It is the different between an impassioned feeling and a full-on rant: subtlety and clever word use will allow you to create vastly different solutions to the same problem. That’s also true in longer-form work: two protagonists are talking about a deeply personal event, that one feels uncomfortable about. How does one create a feeling of empathy between them? Is that even required with these two characters… how do their own moral compasses deal with casuistry within the framework of your narrative?

To understand your words, you must begin to understand yourself.

anyofthat

Part of the reason why my fiction has suffered so much over the years undoubtedly has to do with being unable to really give emotional depth to situations and characters. I thought that this would be easily remedied but, it transpires, there is a lot of work to do. Helping myself expand as a writer isn’t just understanding tenses or the importance of narrative flow. There needs to be a more spiritual, philosophical element to proceedings too.

The best writing is that which is compelling and ultimately life changing, and to do that one must be prepared to alter parts of our own being in the process.

Look Out Any Window

One of the most important things learnt in over twenty years online involves other people’s perception of what’s right. Not everybody has the same opinion as yours: those opinions aren’t facts either, often they are a view of reality that’s distorted through a series of deeply personal, subjective lenses. Challenging your view of right should be everybody’s default stance: learning, growing, and most importantly accepting that multiple ‘right’ opinions can exist alongside each other harmoniously.

On the third day of Mslexicon, it became apparent just how many good things can co-exist happily alongside each other without any conflict occurring. When you are prepared to be vulnerable, truly willing to allow other people into your personal space,  astounding things can and do happen. More importantly, allowing yourself to be kind, not judging yourself on other’s benchmarks, can offer significant transformation to mindsets that previously were unwilling to shift.

My life has undoubtedly changed after three days away in Leeds.

These ladies deserve all the love: hardworking, enthusiastic and genuinely interested they also make a cracking cuppa when required. Events don’t work properly without solid, well-organised management at it’s core, and this whole event owes a significant debt to the people who created it. More of us who come to enlighten ourselves should remember how lucky we are to have such opportunities available in the first place. This weekend really was something utterly special.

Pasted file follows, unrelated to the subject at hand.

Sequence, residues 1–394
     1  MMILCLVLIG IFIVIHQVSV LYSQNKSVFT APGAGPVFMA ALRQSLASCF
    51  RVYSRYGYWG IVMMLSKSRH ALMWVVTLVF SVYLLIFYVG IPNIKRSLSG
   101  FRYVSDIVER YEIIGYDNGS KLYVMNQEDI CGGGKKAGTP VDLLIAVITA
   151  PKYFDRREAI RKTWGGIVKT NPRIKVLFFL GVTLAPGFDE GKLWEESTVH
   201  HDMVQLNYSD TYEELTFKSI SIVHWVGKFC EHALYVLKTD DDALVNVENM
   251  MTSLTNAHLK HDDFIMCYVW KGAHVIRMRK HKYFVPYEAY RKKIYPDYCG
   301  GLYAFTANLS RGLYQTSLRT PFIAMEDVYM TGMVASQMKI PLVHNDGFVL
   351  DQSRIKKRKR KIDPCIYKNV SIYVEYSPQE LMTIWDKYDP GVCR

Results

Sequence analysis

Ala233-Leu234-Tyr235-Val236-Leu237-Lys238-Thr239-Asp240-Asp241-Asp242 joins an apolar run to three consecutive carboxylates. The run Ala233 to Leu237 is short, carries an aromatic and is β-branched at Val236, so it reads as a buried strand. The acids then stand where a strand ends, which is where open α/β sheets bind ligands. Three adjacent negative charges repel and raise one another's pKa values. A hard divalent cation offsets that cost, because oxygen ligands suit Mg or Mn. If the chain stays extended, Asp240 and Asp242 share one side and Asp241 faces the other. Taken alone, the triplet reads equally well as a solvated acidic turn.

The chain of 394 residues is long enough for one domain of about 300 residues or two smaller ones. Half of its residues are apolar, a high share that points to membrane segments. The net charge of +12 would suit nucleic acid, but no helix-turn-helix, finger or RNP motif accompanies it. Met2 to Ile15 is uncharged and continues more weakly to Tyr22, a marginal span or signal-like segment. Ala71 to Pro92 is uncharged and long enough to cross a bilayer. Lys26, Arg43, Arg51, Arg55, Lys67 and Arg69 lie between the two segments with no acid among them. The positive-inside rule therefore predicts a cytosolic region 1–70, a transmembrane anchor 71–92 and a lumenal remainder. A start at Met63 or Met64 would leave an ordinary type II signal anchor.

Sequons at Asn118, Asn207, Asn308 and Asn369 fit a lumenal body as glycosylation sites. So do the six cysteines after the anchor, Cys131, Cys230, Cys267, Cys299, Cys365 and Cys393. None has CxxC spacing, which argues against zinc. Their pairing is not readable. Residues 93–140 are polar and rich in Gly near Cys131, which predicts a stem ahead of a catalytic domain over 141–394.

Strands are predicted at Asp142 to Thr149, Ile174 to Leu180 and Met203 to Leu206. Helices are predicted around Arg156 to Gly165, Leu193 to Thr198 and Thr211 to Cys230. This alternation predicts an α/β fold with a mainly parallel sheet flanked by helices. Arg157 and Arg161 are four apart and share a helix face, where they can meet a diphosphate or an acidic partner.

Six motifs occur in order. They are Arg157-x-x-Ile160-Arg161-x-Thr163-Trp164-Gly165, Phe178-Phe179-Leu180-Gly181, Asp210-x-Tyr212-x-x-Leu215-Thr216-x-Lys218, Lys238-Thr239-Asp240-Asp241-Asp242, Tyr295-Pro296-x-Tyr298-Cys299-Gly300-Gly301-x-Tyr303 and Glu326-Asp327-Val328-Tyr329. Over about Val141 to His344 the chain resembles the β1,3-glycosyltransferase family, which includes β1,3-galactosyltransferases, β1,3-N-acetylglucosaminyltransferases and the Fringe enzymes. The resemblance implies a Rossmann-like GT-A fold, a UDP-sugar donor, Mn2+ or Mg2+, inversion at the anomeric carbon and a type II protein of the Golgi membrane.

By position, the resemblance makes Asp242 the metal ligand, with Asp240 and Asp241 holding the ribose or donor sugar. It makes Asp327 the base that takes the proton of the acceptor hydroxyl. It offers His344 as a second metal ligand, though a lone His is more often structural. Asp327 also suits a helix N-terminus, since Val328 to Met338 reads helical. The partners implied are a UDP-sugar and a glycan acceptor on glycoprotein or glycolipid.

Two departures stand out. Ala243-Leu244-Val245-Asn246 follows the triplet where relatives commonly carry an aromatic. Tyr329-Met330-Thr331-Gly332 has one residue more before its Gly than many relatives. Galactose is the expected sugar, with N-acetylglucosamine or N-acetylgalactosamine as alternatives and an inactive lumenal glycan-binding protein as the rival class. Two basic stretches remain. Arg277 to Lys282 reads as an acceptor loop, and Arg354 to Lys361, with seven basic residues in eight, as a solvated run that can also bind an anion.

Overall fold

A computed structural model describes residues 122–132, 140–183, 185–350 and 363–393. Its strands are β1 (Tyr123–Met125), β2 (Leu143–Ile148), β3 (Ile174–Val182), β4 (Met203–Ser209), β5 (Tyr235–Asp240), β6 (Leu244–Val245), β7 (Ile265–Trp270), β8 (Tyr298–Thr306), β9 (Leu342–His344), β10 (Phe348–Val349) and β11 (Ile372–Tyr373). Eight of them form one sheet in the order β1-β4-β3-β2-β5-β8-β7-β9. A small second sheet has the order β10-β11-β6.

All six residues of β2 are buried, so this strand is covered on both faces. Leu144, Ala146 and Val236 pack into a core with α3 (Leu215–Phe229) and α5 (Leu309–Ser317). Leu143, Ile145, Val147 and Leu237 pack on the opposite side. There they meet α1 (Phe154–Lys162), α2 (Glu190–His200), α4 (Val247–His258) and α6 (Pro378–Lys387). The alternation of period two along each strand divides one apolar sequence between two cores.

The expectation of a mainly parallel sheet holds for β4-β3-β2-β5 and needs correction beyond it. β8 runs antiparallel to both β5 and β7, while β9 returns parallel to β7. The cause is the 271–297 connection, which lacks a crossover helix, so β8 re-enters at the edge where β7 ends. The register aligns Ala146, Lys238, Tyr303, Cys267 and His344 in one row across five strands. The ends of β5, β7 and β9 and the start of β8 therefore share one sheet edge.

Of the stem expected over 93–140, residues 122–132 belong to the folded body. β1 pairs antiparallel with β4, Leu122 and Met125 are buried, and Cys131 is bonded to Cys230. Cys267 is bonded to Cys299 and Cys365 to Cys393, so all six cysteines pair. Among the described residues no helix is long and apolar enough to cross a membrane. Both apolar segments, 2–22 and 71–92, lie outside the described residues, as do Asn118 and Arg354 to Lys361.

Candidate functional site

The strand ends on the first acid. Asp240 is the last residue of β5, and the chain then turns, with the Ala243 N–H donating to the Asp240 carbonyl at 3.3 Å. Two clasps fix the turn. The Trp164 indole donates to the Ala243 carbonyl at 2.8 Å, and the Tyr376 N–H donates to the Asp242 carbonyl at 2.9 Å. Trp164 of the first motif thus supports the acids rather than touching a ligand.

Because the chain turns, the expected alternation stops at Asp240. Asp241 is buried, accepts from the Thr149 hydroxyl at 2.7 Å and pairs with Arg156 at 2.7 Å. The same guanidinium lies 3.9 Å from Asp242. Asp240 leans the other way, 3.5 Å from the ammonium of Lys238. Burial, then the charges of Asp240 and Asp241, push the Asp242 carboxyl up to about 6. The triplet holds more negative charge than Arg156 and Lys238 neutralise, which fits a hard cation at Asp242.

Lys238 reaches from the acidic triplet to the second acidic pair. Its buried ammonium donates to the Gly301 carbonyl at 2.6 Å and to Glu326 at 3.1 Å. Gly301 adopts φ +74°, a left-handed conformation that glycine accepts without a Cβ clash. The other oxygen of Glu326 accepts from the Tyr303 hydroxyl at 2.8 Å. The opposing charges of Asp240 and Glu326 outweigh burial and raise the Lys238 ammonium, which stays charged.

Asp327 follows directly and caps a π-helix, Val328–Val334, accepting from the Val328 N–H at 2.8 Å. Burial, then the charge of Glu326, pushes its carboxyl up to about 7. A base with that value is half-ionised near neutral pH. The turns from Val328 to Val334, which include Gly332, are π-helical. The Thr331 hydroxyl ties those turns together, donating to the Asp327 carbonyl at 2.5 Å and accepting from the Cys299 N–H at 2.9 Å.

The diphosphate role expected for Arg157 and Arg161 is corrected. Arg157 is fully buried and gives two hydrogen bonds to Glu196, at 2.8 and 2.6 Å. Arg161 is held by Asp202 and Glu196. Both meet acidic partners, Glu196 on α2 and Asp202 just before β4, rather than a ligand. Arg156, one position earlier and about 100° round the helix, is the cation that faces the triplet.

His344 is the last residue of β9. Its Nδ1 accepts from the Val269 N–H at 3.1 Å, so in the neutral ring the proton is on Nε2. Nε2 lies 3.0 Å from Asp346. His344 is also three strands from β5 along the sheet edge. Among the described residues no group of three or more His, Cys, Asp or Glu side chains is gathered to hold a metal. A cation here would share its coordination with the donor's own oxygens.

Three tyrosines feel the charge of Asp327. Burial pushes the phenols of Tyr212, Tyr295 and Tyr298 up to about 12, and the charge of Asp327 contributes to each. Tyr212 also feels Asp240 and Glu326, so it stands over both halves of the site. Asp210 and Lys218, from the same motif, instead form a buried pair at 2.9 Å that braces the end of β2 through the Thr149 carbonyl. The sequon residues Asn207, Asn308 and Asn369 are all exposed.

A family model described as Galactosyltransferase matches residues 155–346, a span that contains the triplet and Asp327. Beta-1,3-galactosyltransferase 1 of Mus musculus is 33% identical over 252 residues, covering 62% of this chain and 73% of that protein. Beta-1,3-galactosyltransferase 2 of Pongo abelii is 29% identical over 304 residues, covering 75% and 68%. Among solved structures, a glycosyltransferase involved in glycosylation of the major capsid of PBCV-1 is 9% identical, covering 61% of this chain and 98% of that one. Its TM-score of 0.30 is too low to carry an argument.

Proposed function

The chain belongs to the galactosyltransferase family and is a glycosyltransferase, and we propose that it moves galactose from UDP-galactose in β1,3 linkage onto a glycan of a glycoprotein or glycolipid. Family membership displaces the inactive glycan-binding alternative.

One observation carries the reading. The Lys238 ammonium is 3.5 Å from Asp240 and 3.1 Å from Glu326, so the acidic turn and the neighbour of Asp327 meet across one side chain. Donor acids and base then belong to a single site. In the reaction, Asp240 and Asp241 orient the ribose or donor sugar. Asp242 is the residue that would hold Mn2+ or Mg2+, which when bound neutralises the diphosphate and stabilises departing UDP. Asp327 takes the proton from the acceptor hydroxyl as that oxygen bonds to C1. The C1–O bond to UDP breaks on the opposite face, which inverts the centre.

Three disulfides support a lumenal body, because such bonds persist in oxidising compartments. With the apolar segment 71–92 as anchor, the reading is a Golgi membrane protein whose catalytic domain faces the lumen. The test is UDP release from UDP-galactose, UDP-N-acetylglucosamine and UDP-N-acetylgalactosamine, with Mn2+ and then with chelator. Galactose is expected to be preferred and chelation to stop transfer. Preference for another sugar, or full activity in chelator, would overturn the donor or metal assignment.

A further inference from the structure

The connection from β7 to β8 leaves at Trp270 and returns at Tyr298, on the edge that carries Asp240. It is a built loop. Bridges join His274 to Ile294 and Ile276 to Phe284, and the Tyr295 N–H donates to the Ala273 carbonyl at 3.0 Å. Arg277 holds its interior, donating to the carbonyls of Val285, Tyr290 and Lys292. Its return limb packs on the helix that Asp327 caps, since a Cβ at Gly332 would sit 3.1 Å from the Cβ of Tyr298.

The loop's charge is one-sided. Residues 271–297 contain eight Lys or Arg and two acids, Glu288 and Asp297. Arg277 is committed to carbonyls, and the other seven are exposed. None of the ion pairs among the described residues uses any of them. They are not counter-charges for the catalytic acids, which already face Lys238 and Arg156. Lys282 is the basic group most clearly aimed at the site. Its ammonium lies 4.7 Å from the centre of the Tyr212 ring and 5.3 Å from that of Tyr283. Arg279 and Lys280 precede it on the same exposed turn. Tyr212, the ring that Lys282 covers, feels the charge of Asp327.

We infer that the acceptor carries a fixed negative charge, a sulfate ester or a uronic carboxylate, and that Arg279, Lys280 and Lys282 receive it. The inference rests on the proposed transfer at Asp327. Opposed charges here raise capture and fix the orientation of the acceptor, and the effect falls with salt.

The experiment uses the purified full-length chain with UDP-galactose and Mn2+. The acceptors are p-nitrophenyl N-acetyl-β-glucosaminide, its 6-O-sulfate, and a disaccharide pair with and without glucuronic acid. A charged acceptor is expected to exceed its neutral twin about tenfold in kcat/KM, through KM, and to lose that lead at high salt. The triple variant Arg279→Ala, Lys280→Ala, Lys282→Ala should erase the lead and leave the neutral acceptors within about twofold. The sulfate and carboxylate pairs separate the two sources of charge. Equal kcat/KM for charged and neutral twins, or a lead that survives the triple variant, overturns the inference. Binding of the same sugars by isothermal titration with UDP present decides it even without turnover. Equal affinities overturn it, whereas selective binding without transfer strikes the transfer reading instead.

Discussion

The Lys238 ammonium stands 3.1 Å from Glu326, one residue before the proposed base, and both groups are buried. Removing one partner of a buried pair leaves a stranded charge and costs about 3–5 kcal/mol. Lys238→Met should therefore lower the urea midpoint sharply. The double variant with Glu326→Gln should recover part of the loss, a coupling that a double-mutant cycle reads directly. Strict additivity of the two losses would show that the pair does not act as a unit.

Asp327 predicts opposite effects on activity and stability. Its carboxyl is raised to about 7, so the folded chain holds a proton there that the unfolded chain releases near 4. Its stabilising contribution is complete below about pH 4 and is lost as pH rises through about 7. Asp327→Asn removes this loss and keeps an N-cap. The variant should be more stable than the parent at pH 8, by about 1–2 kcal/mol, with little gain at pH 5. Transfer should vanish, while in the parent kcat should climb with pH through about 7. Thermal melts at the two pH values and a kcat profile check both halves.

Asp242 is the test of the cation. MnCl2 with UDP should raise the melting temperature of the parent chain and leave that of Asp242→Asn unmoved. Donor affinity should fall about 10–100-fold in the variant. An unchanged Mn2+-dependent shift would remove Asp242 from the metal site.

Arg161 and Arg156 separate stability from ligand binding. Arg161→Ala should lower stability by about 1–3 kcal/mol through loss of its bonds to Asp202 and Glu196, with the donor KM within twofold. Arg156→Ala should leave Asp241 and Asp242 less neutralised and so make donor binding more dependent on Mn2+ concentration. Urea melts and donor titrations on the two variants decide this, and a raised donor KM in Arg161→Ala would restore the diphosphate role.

On Sunday I’ll freely admit I hit maximum brain capacity, thanks to two stonking talks by Rosie Garland and Margaret Wilkinson. Quite honestly, I think more’s been taken from this couple of hours than I’d managed to glean from several years doing English and Drama at degree level: sometimes, you need somebody with whom you just totally click and then understand without months of thrashing about feeling perplexed. I’d have killed to have met both these ladies as an awkward twenty-summat, that’s for damn sure.

I’m also aware that there wasn’t enough sleep over three days to do everything that was presented to me justice. Assuming I can afford to do this again next year, lessons will be learnt. An extra day for travelling, for starters, so it’s easier to get comfortable quicker. I need to ask more people’s names, spend more time just talking and decompressing between sessions. Adrenaline’s a great drug, but it really does make switching off quite difficult when required.

I now have an idea for a novel that two total strangers have encouraged me to write. There’s confidence in my social skills that simply did not exist previously to last weekend. I know I’ve done a lot of that work, that accepting I had mental health issues and going to get them identified is half the battle; having people who support without thought and encourage unconditionally is an amazing way you can grow and develop as a person. So much of that is still happening too, seven days on.

The Mslexia people knew this concept was a winner when it was created. I don’t need to tell you that sometimes, all that is really needed is the means by which great ideas can become brilliant experiences. This is the gift to myself that will continue to keep on giving many, many months after Leeds itself becomes a happy memory. The fact remains however, this isn’t somebody else providing you with all the answers. If you came expecting to become a better writer, you have a lot of work to do.